Lights, Camera, Action!

Conduct in Asset Management

Asset managers have had a relatively easy ride. At least as far as scandals are concerned, the industry has not been subjected to the vilification directed at banking, whether for mis-selling or for undermining market integrity. "We have a proud fiduciary legacy" is the prevailing motto, appealing to a golden era (perhaps imaginary) when the industry invested carefully for a modest fee.

However, clouds have been closing in on the eternal sunshine of this apparently spotless record. Quite aside from the well-worn debates over conflicts of interest in soft commissions and other inducements (for which MiFID II and other local regulation call for a change in approach), regulators have now begun to issue rather demeaning fines for misconduct. These fines – for misdemeanours such as fraudulent trade allocations (cherry-picking) or misleading retail advertisements, or neglecting to keep investors informed of changes to fund operations - are now becoming more frequent and more punitive. If you also consider the findings from the Fair and Effective Markets Review*1 calling for the extension of the Senior Managers Regime to cover buy-side firms as well as banks: it is the wake-up call to the industry’s "big sleep".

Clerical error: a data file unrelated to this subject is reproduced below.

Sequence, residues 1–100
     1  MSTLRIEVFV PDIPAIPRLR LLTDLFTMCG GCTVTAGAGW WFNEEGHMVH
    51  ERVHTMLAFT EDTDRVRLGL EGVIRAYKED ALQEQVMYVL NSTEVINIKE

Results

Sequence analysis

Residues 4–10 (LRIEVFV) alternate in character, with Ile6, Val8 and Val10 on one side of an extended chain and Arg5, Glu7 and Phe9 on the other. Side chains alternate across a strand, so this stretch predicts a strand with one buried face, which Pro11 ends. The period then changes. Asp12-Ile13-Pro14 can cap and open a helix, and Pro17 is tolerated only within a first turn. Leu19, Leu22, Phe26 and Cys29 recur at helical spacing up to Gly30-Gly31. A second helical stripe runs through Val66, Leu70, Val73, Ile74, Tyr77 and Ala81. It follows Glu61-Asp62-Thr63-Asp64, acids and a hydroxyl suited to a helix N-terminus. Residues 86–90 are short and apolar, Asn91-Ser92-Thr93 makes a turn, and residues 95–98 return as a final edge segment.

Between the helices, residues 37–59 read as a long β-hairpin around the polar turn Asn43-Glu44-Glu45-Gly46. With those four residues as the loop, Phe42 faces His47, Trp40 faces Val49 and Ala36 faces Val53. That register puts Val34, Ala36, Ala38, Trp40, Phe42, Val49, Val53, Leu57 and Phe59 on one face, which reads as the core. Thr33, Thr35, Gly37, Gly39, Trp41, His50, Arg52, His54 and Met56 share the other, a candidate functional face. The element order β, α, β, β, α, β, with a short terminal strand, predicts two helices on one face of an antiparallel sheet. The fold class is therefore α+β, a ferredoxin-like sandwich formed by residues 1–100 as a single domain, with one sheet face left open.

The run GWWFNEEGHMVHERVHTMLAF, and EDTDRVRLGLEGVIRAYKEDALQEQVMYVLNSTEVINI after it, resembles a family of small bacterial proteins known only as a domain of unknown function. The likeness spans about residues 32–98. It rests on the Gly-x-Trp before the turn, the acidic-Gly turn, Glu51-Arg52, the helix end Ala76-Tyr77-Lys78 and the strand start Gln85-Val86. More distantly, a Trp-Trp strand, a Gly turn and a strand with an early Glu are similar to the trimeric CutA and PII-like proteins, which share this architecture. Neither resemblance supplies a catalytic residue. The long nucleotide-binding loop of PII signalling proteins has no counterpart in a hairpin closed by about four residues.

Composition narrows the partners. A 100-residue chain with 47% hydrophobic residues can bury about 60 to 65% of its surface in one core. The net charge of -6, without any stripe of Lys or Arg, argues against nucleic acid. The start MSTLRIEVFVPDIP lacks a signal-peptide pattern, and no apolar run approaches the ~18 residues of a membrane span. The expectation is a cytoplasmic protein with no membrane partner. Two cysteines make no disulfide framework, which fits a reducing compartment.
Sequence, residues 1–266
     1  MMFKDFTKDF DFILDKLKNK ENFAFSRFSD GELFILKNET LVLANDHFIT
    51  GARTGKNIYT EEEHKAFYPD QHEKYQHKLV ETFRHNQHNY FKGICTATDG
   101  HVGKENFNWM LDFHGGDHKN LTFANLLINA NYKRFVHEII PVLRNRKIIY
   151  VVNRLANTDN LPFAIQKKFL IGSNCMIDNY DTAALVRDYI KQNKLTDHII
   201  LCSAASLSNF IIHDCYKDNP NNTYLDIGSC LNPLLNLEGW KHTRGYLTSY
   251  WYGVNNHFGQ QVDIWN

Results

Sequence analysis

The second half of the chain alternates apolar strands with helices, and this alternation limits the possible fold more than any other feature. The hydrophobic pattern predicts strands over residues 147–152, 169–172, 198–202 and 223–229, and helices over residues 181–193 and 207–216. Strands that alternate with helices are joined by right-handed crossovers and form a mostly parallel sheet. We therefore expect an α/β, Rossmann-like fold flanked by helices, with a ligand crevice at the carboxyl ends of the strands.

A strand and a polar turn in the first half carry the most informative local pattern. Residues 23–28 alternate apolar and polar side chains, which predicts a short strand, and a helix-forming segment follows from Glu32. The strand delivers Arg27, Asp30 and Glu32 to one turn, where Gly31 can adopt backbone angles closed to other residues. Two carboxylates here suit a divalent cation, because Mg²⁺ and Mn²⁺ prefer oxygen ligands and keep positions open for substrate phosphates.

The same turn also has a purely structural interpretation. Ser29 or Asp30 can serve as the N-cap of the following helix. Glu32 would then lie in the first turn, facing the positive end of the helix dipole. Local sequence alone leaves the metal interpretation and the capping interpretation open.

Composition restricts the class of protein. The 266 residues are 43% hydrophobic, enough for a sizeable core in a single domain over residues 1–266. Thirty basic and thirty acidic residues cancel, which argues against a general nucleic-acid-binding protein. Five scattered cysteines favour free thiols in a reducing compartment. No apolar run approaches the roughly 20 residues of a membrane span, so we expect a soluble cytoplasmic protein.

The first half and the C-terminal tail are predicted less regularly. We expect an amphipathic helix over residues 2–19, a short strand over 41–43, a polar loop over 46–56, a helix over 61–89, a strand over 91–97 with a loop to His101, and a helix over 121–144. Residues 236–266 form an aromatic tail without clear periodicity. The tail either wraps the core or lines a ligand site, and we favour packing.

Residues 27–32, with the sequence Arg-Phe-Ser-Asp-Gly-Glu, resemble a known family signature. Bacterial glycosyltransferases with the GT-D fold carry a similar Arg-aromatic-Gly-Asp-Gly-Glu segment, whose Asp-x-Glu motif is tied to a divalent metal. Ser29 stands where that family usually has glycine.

Firms are now responding, notably in the United Kingdom where the regulator was the first to lead the conduct agenda in the banking and insurance industries. The UK’s Financial Conduct Authority (FCA) has recently launched a market study, focused on the asset management industry, that questions whether institutional and retail investors get value for money when purchasing asset management services. There are implications not only for tighter compliance, but also for business models and overall strategy. Firms need to keep commercial aspirations a priority, whilst also being mindful of the constraints of the conduct agenda.

To understand these implications more clearly, we asked the Chairmen and CEOs of 15 leading asset managers in the UK to lend their support to their respective firm’s participation in our first conduct survey of the industry. The survey built on our extensive banking and insurance conduct experience, including our recent work with the G30 on banking conduct and culture*2. Our sample covered independently-owned firms, as well as firms owned by banks or insurers.


Lights, Camera, Action! Conduct in Asset Management